The landlord has monitored the success of the scheme and since it launched in 2016, 91% of residents have engaged with their coach. This not only builds better communication with Bromford residents for when there are problems with repairs and maintenance, but it also has a positive impact on caring for residents, particularly those in supported living, when a regular visit can help more vulnerable tenants.
Respondents who work for housing associations
Percentage who feel their organisation is managed efficiently
Proportion who already use a system to provide data on energy use
Landlords that say their energy bills in communal areas are not accurate
The majority of those who answered the survey (85%) work for a landlord that offers supported care or sheltered accommodation to tenants and three-quarters of those think it would be helpful to be able to remotely monitor the well-being of the tenant.
“In supported living units, temperature sensors can ensure a tenant is warm. As part of the supported living agreement between the provider and the resident, the energy system could also monitor movement to make it easy for a care unit or relative to check that they are well and haven’t had a fall, for example,” Mr Dosanjh says.
Meeting carbon-neutral targets
A further reason to be aware of energy consumption is to work towards the ambition of becoming carbon neutral.
Across the UK, more than 100 councils have announced a climate crisis and considering the number of homes that social landlords are responsible for, the sector is a major player in reducing carbon use by 2030.
Stroud District Council in Gloucestershire leads the way, having announced in 2015 that it was the first to become carbon neutral. Part of this has been through retrofitting its council homes with insulation, updating windows and doors, and installing solar panels.
Positively, the survey found that many housing associations are considering a strategy to work towards this goal. Already 31% of those who completed the survey will have a plan in place in the next 12 months. A further 6% will have a plan in place in the next five years, and 10% will have one in the next 10 years.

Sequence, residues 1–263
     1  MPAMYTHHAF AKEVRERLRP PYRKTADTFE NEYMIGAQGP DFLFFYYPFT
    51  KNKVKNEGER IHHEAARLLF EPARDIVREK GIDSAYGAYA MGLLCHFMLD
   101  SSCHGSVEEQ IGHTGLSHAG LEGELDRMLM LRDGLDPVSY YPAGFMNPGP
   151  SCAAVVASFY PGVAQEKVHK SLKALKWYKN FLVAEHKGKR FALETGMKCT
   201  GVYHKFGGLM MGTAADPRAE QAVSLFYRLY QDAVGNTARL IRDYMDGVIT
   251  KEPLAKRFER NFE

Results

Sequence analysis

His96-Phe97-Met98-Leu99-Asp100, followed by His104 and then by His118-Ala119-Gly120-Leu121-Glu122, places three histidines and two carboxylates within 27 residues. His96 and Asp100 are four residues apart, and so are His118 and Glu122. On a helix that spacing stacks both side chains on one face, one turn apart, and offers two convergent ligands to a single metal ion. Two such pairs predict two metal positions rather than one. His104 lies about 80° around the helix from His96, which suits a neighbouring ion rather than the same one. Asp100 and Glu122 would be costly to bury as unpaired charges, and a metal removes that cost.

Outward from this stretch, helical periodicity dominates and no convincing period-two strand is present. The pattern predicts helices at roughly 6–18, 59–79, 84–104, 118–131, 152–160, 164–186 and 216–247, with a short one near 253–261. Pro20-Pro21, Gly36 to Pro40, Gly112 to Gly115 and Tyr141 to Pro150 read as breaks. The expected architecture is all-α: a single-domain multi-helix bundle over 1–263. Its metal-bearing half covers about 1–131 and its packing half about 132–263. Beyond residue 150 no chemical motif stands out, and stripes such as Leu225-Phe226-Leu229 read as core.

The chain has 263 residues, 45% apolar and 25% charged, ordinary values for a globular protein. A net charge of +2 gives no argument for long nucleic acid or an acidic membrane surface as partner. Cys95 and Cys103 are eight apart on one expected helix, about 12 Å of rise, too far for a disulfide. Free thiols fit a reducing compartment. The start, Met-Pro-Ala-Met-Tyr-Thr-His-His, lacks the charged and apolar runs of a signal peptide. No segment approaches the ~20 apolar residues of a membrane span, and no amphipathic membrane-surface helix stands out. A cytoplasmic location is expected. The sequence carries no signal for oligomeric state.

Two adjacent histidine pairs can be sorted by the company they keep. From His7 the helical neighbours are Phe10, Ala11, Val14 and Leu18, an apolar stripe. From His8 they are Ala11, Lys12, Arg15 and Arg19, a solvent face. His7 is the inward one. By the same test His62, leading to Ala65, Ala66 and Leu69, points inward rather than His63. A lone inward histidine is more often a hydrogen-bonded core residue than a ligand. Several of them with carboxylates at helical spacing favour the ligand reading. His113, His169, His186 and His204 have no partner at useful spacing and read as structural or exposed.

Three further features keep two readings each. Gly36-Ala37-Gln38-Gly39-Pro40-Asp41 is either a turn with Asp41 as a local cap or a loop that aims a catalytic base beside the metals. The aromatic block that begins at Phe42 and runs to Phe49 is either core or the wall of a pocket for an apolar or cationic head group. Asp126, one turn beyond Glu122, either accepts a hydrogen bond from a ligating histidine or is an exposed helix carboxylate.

“There are many ways to work towards being carbon neutral. Housing associations should not focus exclusively on procurement, such as replacing inefficient heating equipment, but should also look at how effective insulation is and how much lighting is being used – say in communal areas – to see whether installing solar energy, combined heat and power systems and green tariffs would help,” says Mr Dosanjh.
Collecting data on how an estate is managed can help to set a benchmark for comparison for factors that might not have been thought about, for example, if housing teams are travelling a lot for safety checks. These can be read remotely, saving resource and mileage, building a clearer picture. This can reduce the cost of safety tests by 40%.
A further advantage of gaining more data now is “being able to identify patterns across an estate and to use the information when deciding on how to build and fit the large numbers of new homes that need to be built in the next few years”, suggests Mr Dosanjh.